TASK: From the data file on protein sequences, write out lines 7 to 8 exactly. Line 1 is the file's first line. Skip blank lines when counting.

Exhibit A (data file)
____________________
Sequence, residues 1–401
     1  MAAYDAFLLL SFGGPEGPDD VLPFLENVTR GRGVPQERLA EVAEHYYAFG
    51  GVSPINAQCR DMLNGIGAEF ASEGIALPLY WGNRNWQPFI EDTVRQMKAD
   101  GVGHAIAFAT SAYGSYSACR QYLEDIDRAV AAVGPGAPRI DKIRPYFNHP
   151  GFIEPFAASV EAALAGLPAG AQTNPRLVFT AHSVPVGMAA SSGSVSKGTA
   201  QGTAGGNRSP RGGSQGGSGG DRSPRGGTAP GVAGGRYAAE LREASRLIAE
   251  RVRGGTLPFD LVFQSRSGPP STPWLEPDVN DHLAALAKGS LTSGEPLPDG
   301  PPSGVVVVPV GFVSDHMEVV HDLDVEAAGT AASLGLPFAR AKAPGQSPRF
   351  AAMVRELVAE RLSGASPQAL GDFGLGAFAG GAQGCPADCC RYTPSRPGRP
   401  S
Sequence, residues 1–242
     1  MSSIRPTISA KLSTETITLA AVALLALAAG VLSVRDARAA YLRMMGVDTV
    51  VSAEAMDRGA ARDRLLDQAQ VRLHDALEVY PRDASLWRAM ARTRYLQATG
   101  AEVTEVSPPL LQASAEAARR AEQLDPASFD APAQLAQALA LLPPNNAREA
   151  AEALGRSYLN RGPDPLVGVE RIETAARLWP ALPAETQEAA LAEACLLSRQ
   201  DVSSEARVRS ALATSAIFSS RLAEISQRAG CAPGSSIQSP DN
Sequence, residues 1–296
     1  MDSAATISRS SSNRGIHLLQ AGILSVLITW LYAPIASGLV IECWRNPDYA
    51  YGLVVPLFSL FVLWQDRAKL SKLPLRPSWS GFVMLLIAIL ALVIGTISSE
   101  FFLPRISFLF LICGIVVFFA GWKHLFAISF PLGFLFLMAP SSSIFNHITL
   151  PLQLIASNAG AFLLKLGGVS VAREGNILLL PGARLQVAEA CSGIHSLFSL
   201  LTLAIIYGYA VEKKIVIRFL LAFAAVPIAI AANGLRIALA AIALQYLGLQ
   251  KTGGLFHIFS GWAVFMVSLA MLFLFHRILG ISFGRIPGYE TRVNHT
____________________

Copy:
   251  RVRGGTLPFD LVFQSRSGPP STPWLEPDVN DHLAALAKGS LTSGEPLPDG
   301  PPSGVVVVPV GFVSDHMEVV HDLDVEAAGT AASLGLPFAR AKAPGQSPRF